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Wretched Git wrote:
Hm, it seems fishy to me. I've been playing that you need to treat a single colorless damage circle (on a black market card) as an indivisible unit. It either takes care of another single colorless circle, or it doesn't. But I can't find any info on this question.
Ok, now I'd like to reverse myself. The situation doesn't actually come up that often, but it does seem more confusing to keep track of things if you don't let yourself just pool all the colorless amounts. Now I'm doubting it was designed to be played as I had thought...

But I'd still like to hear an official answer. Can a single "circle" of colorless damage carry over to 2 different colorless targets? Can a [5] colorless take care of two levels, like [2] and [2]?
 
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Kurt R
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Wretched Git wrote:
Wretched Git wrote:
Hm, it seems fishy to me. I've been playing that you need to treat a single colorless damage circle (on a black market card) as an indivisible unit. It either takes care of another single colorless circle, or it doesn't. But I can't find any info on this question.
Ok, now I'd like to reverse myself. The situation doesn't actually come up that often, but it does seem more confusing to keep track of things if you don't let yourself just pool all the colorless amounts. Now I'm doubting it was designed to be played as I had thought...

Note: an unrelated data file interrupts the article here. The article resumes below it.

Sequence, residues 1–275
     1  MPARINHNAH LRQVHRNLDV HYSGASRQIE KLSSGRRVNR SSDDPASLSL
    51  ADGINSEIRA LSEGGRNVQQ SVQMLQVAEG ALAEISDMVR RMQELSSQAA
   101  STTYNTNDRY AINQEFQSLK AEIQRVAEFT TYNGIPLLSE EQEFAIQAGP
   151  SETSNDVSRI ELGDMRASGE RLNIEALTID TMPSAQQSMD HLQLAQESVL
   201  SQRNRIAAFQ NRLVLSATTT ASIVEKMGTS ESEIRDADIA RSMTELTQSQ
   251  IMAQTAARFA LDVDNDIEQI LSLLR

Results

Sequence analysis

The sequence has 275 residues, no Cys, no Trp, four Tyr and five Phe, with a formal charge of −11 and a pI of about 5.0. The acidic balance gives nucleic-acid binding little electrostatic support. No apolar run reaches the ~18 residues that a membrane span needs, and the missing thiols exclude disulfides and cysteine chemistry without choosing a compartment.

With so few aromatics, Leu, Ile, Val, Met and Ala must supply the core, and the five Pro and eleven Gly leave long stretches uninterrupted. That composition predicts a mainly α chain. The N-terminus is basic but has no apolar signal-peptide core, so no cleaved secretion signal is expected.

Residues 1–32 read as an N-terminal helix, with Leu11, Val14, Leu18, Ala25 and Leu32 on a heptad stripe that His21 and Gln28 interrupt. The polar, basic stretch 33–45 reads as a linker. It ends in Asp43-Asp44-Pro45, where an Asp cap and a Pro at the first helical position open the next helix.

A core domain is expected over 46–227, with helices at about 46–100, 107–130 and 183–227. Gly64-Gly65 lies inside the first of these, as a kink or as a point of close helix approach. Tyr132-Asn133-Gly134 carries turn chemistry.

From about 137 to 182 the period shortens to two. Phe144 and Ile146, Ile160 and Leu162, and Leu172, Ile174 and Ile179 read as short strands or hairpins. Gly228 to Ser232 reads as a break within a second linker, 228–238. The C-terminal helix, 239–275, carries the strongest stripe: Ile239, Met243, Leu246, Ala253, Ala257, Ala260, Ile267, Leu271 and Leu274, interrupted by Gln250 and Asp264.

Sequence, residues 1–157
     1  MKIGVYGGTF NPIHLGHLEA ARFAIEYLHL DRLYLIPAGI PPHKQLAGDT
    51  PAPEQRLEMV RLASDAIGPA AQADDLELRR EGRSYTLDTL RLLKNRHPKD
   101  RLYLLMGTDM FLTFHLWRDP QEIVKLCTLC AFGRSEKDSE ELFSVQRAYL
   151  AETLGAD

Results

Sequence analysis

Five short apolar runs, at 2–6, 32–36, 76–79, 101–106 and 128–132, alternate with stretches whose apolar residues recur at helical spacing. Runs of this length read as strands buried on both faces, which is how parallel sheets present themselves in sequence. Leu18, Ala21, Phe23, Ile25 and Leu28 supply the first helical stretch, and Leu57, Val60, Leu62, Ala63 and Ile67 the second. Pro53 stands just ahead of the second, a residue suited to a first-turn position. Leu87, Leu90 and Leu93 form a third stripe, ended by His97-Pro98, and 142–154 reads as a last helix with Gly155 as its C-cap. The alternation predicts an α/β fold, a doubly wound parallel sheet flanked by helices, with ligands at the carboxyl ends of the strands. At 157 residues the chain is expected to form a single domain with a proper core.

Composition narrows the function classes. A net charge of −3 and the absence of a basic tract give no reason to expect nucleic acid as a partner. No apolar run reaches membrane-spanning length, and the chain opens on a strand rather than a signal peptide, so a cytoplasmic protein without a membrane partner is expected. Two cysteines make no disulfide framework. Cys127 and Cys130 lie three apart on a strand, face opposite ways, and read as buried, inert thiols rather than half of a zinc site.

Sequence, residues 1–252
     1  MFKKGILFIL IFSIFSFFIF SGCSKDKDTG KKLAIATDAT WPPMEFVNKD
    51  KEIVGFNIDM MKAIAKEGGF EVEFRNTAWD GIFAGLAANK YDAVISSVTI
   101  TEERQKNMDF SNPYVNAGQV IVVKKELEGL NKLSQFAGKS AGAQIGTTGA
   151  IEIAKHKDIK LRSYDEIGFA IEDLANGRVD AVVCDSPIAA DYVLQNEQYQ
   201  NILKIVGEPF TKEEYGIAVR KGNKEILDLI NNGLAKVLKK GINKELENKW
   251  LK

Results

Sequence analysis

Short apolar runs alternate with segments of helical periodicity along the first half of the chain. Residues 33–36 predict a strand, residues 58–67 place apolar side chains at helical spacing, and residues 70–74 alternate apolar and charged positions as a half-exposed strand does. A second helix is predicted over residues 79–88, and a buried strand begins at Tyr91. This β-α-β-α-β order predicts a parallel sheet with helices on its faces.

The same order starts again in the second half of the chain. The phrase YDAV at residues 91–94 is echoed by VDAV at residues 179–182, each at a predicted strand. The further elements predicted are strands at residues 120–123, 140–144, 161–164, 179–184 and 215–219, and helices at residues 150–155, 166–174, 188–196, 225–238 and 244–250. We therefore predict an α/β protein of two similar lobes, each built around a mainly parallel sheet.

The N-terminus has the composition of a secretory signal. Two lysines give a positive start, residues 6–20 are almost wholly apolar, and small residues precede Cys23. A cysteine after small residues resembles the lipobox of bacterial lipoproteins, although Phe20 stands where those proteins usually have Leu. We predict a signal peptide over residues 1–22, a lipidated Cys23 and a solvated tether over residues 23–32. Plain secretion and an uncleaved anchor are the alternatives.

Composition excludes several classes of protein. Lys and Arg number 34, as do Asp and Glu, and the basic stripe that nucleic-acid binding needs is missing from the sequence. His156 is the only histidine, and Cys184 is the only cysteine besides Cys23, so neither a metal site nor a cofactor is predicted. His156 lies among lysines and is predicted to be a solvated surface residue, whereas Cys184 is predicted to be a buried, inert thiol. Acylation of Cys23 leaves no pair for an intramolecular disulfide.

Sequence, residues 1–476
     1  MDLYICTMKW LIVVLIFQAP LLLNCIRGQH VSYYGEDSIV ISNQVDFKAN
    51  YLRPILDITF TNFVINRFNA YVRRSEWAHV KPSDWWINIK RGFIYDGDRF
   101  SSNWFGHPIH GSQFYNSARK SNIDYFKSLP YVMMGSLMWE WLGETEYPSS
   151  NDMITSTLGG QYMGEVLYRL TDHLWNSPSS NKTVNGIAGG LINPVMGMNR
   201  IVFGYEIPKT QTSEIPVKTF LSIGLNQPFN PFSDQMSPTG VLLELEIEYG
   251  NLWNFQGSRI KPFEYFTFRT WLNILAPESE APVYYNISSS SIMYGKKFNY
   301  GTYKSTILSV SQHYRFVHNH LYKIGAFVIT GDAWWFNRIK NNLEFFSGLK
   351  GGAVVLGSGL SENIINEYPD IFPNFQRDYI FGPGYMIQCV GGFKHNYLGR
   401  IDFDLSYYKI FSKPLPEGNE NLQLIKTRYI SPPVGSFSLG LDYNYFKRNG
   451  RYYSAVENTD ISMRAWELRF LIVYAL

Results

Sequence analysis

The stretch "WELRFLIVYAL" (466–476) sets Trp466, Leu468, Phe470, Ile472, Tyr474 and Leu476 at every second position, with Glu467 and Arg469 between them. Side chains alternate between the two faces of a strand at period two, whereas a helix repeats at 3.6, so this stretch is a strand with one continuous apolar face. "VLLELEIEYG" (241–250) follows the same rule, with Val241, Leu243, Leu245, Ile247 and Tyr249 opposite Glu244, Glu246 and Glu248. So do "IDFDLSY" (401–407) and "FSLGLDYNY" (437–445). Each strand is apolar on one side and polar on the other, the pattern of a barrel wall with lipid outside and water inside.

But I'd still like to hear an official answer. Can a single "circle" of colorless damage carry over to 2 different colorless targets? Can a [5] colorless take care of two levels, like [2] and [2]?
From what I read in this thread, you play cards to an obstacle then pool all the damage from those cards. That's why I said above I may use colored dice. If you pool all the damage then you could use dice for all your red, blue, green, black, and grey (use a white die) damage. Total it all up on each die then spend it as needed when applying damage to the obstacle.

If that's not correct then I'm misreading what "pool of damage" means.
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enzo622 wrote:
Wretched Git wrote:
Wretched Git wrote:
Hm, it seems fishy to me. I've been playing that you need to treat a single colorless damage circle (on a black market card) as an indivisible unit. It either takes care of another single colorless circle, or it doesn't. But I can't find any info on this question.
Ok, now I'd like to reverse myself. The situation doesn't actually come up that often, but it does seem more confusing to keep track of things if you don't let yourself just pool all the colorless amounts. Now I'm doubting it was designed to be played as I had thought...

But I'd still like to hear an official answer. Can a single "circle" of colorless damage carry over to 2 different colorless targets? Can a [5] colorless take care of two levels, like [2] and [2]?
From what I read in this thread, you play cards to an obstacle then pool all the damage from those cards. That's why I said above I may use colored dice. If you pool all the damage then you could use dice for all your red, blue, green, black, and grey (use a white die) damage. Total it all up on each die then spend it as needed when applying damage to the obstacle.

If that's not correct then I'm misreading what "pool of damage" means.
Right, you're probably right. The only reason I hesitate is that the "pool of damage" metaphor was not introduced by Mr. McCarthy, although he did agree that you could describe it that way. I'm just wondering if he had in mind this particular kind of situation when he did so.
 
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Sean McCarthy
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Yes, you can totally do that!